Thursday, May 3, 2012

French election: It’s got very bloody in the Francois Hollande-Nicolas Sarkozy slugfest

The French presidential election has turned ugly, as Nicolas Sarkozy battles to fend off Francois Hollande.
Hardened image: one casualty of the bruising French presidential debate was Francois Hollande's reputation as a nice guy - It’s got very bloody in the Francoise Hollande-Nicolas Sarkozy slugfest
Hardened image: one casualty of the bruising French presidential debate was Francois Hollande's reputation as a nice guy Photo: AFP/Getty Images
It may have been more regulated than a Kabuki theatre performance – a set number of cameras, of arc lights on the candidates’ carefully powdered faces, of reaction shots – but in the end, Wednesday night’s French presidential debate was a slugfest.

Three days before the second round of the election, in their single TV discussion, Nicolas Sarkozy and François Hollande went at one another hammer and tongs for three hours, trading invective and the occasional insult with an acrimony not seen in French politics since the 1930s. “Liar!” the candidates called one another; and “slanderer”, “dunce”, “joker”.

That was even before you took in the rolled eyes, the nervous twitches, the role-play. “You’re not assigning and grading essays this time,” Sarkozy told Hollande, a former economics professor at Sciences Po – a school that flunked the French president 35 years ago. The Socialist contender kept interrupting the man he spent the whole campaign calling “the outgoing president”. “You’re lying!” he said. “Answer me on this. Answer me. Will you answer me?”

The first casualty of the debate, it must be said, was François Hollande’s reputation as a nice guy. In the end, his camp – and most Paris establishment pundits – exulted. Their man had bloodied Sarkozy’s nose. All Hollande needed was to preserve his comfortable lead.

Nicolas Sarkozy, however, had carefully calibrated his performance – in stark contrast to the past five years, during which he has mostly failed to do exactly that. Having ruthlessly analysed what the French dislike in him, Sarkozy decided that the debate was about showing that he could be calm in the face of repeated provocation. On he went, laying out the bleak figures of the world economic crisis and of France’s relatively good standing in the eurozone under his stewardship. Every now and then, Sarkozy jabbed at Hollande – the name of Dominique Strauss-Kahn was lobbed in the last half hour, after Hollande had accused his opponent of dodgy party fundraising.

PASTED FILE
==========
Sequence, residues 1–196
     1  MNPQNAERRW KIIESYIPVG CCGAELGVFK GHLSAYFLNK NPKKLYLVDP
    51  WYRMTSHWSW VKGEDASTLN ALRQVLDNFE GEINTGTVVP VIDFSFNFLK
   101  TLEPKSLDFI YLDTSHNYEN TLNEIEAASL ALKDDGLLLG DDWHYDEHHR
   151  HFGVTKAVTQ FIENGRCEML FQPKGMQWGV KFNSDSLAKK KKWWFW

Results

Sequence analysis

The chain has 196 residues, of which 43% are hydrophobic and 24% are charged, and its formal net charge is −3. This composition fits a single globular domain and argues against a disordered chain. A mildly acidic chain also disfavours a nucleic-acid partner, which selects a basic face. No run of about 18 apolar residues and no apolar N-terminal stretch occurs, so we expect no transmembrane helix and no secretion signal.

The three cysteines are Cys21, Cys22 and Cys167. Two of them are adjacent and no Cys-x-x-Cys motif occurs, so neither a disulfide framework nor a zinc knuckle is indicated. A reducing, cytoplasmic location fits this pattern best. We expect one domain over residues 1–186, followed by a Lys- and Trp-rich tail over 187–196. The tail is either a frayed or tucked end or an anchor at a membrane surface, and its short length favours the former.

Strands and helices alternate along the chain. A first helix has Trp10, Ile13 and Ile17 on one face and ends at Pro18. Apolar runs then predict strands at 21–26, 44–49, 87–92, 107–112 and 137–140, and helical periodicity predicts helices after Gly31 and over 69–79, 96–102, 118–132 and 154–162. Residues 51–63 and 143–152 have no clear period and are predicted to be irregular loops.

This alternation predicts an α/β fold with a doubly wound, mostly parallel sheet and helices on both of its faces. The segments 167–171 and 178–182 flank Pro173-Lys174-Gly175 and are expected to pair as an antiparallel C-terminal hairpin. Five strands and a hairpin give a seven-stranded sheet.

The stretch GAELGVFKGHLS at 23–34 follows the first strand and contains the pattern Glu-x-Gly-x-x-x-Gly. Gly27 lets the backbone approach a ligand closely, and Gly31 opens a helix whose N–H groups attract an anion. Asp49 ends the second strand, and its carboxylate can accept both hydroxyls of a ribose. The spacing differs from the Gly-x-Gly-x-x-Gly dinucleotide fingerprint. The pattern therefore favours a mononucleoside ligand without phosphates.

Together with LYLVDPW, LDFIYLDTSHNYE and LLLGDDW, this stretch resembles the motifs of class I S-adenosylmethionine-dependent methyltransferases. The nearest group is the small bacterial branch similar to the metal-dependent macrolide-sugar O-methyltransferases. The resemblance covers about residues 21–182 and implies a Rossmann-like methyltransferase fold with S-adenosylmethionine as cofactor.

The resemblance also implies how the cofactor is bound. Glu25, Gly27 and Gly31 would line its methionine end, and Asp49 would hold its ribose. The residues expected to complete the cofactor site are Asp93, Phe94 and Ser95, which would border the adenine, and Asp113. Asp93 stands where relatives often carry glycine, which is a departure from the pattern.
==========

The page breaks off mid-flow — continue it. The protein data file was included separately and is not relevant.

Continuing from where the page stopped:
You could not have imagined the aloof, imperial François Mitterrand, whom Hollande served as economic aide in the 1980s, countenancing any hint of a slur. (Dripping with cold contempt, he would have dismissed the offender with a word. We all avoided examining his Vichy past because of such techniques.) Jacques Chirac had his own bluff way of discouraging familiarity. As for De Gaulle, the very idea is unthinkable.

But the increasing polarisation of French political life is changing all this. Over the past five years, France has been seized by an anti-Sarkozy frenzy that can only be compared to the shrill excesses of anti-Thatcherism in Britain, or, more recently, the heyday of Bush Derangement Syndrome in the United States. Sarkozy, to his enraged critics, is vulgar, uncouth, dishonest, unprincipled, and exhibiting Fascist tendencies in his courting of the Front National vote. L’Humanité, the hard-Left daily, last week published a front page pairing him with Marshal Pétain.

 This is bound to leave an even more difficult situation for whoever finds himself in the Élysée Palace on May 7, having to face hard choices and placate nervous financial markets. Neither candidate is in fact a shoo-in. Pundits still asserted yesterday that Sarkozy failed to make a dent in Hollande’s advance. But polls on online news sites, in the night after the debate, told another story. Two thirds on average thought Sarkozy more believable than Hollande: these are the people who no longer dare speak their mind to pollsters. It remains to be seen whether Sarkozy can pull off the greatest comeback in French politics in the past half century, or whether mud does stick in our brave new political landscape, and François Hollande becomes the Fifth Republic’s seventh president.

© Telegraph Media Group & Anne-Elisabeth Moutet, 2012

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